18 July, 2010

Finishing the Job

Well, sorta. There's still a lot of work to do. Sawdust and concrete dust over everything. It's gonna take some time to clean that all up.

I thought I'd show you the completion of my project to install the range hood. First off, I decided that a six or seven inch vent pipe was overkill for our needs. It's probably some engineer or something's requirements  based on the volume of air the fan is theoretically capable of moving per minute (times the square root of the hypotenuse of the angle of the dangle) to reach the decision for the instructions to mandate such a huge vent pipe.
Holes Cut For Hood Vent Pipe
Besides, availability of pipe that size is definitely an issue down here. I managed to find a two-foot section of six-inch flex tubing and nothing else. Right beside it was a complete four-inch vent kit with aluminum flex tubing for a clothes dryer. Hmmm, what to do, what to do...

I had purchased the two-foot piece the day before. After I reread the instructions for the fan and could find nothing definitive saying "Thou shalt not use less than the stated size of vent pipe for thine project", I said screw it, go with what's available and easy to work with.

I took the two-foot piece back and exchanged it for the complete kit. Once home, I promptly started to modify the range hood itself to accommodate the four-inch pipe. The hood had a seven-inch circular knockout which I knocked out. I now needed to make that four inches. I had a piece of sheet aluminum I had used for some other project. Thankfully, I remembered I had it instead of zooming off to Villa's or National and getting another sheet.

I cut about a ten-inch square of the sheet aluminum, matched it up with the top of the hood, scribed the seven-inch circle onto it, then found the center point and scribed a new four-inch circle.

After cutting that out, I caulked and screwed the new piece to the top of the hood and mounted the hood to the bottom of the cabinet as you can see in the photo above. That is, after I used my saber saw to cut three four-inch holes up through the several layers of the cabinet. With almost inch-thick hard, hard, hard wood, that alone was a day's work.
Range Hood Installed
Then came the fun bit of cutting a four-inch hole through the concrete wall in order for the hood to vent outside. I started off with a 1" cold chisel and my 2½ lb. sledge hammer. After getting through almost an inch of concrete, my swing arm felt like it was going to fall off. There had to be an easier way, but what?

Luckily, the little gray cells were really working well. I remembered Jim had an air-powered impact wrench with a cold chisel insert. Perfect. Covered in sweat and concrete dust, I zoomed around the canal to Jim's and borrowed the tool.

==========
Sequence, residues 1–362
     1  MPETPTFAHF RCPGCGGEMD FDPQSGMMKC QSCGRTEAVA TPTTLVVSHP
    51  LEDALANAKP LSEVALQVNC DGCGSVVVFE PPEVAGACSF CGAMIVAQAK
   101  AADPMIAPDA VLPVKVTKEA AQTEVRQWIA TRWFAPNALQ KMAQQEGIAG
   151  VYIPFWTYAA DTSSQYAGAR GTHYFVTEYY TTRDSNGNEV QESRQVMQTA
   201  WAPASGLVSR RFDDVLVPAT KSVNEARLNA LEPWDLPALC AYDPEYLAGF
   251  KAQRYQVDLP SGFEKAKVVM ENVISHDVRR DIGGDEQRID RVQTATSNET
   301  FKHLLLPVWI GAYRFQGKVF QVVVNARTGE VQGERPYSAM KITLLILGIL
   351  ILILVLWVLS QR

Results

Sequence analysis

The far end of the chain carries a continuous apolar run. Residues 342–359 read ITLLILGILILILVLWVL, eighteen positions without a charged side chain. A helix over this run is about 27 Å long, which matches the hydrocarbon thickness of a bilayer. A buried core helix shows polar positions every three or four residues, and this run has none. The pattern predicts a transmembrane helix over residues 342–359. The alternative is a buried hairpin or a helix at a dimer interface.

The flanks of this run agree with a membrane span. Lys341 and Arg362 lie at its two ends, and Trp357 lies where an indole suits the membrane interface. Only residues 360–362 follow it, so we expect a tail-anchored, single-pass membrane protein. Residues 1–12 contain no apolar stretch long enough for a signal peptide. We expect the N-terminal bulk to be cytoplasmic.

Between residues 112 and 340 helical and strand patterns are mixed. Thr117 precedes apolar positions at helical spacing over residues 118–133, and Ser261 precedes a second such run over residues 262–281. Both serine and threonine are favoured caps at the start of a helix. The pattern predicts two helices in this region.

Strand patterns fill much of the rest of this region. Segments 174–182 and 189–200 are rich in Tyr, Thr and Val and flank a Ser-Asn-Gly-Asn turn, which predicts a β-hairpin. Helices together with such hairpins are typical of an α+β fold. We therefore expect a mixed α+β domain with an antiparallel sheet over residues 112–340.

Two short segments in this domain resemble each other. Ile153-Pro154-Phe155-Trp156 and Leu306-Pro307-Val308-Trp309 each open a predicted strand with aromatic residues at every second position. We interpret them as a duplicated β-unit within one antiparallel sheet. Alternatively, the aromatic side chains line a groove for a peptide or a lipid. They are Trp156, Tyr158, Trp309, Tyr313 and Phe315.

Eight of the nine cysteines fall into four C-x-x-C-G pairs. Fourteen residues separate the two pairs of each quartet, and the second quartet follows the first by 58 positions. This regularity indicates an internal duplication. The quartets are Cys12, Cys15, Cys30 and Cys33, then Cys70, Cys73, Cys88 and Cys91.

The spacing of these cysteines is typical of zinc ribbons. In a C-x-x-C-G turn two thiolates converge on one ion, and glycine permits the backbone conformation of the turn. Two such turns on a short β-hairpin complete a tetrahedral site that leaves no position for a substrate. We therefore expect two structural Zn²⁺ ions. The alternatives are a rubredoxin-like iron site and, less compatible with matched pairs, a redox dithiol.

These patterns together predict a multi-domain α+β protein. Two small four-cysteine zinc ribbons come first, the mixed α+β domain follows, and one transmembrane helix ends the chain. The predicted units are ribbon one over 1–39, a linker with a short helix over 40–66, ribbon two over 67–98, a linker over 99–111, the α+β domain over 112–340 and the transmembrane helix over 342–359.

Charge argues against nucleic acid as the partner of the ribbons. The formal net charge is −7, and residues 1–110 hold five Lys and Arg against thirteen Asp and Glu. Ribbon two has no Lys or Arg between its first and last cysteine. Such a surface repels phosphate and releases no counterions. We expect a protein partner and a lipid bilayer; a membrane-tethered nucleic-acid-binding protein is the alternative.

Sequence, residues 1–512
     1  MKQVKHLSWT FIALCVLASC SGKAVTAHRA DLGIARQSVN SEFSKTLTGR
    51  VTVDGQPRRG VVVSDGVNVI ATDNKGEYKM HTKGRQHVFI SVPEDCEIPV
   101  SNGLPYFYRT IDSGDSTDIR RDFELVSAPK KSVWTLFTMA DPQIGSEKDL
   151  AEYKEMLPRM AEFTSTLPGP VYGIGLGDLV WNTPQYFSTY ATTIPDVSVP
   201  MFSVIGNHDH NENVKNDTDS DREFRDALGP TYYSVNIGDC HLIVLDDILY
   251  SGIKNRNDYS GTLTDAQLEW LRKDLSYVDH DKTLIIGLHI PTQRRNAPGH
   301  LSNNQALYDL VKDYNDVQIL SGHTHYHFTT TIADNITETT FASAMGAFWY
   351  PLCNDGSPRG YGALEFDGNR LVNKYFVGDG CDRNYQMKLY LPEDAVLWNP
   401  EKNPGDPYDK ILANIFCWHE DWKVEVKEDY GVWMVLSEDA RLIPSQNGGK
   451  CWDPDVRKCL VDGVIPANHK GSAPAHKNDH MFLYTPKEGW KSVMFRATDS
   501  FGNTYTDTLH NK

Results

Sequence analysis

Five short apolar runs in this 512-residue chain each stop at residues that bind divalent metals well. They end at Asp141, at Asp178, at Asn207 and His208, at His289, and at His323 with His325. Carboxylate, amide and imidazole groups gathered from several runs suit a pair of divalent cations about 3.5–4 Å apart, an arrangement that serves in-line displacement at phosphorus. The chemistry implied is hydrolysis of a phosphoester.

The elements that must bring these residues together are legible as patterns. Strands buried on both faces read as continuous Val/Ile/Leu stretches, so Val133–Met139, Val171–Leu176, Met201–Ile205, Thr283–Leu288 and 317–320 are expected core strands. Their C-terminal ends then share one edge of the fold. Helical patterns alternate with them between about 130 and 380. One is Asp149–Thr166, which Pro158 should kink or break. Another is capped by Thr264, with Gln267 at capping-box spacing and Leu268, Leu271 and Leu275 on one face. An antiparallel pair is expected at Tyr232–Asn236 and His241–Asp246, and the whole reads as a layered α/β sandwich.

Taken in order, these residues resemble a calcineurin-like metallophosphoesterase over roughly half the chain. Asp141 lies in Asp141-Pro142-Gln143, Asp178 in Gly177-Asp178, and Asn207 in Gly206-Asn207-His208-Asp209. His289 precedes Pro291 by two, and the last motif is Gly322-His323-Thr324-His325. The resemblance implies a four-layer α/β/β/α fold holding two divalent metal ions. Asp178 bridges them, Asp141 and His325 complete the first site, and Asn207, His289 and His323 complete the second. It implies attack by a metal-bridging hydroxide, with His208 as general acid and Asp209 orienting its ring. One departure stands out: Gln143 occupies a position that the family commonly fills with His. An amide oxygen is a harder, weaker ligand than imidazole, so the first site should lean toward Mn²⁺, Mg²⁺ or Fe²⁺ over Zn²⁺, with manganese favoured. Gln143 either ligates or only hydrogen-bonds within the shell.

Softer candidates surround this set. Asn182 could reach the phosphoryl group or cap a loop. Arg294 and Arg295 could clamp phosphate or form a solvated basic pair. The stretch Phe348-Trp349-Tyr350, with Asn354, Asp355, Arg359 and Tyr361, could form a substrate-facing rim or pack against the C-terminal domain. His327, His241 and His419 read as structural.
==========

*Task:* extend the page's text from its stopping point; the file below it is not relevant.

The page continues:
I'm not sure it made the job all that much faster, but, it certainly did make it easier. Eventually, I got a hole bored through the concrete. I left it to Cody to smooth out the hole (one of the bennies of having a hired hand). We trial-fit the vent flap. It fit so well, I took it back out, sealed the tube seams of the flap with aluminum tape and permanently installed it. I caulked and screwed the flap in place. A nice, clean installation.
Hood Vent Flap Installed
After that, I still had to install and fasten the aluminum flex tubing. That went really easily even though I had to force the tubing through holes the same diameter as the tubing. But, that made for a nice and snug fit.
Flex Tubing Going Up
I bent the tubing over and ran it along the cabinet top to the vent flap tube (a rigid aluminum tube). More aluminum tape secured both ends of the flex tubing and the job was done.
Flex Tubing Run to the Outside
Well, I still had to hook up the wiring, but that was easy (white wire to white wire, black to black, and run a new piece of wire to ground the hood. They included wiring for white and black, but no ground wire with the hood. They did supply a ground grommet and screw. I guess ground wire is really expensive.

Well, that was my project for the week. We took Friday off and went to Chetumal with Doug and Twyla. I drove. I had gotten an email from them early Friday morning saying our trip was off as their Isuzu was still in the shop (Rick, the mechanic). I thought that shouldn't impede our adventure.

I had been waiting till most of our construction was done before buying Mexican auto insurance. This now seemed like an opportune time. So, to Sanborn's (, where I purchased auto insurance in about five minutes, thus enabling us to relax and have a nice Friday.

A little shopping for the guesthouse and a great meal at Mi Viejo over by the old market in Chet (not the one where the Corozal buses stop) made for a good time.


Corozal Dave said...

Hi guys, WOW!!! Things have really moved along since I popped by for a quick visit early June. I'm amazed at how quickly it's come together. I'm heady back down August 1st, mainly to do my final interview for residency, but also to do more around out new house. I'm looking forward to popping by and seeing the progress first to remember to stop and buy some cold beers...had far too many of yours without reciprocating :). Also got to meet your new dog. Keep up the great work.

Dave Rider said...

Hi Dave,

Cold ones are always appreciated. Re: the progress - it seems to go in spurts, sometimes small ones, sometimes a giant leap, other times, it just pokes along.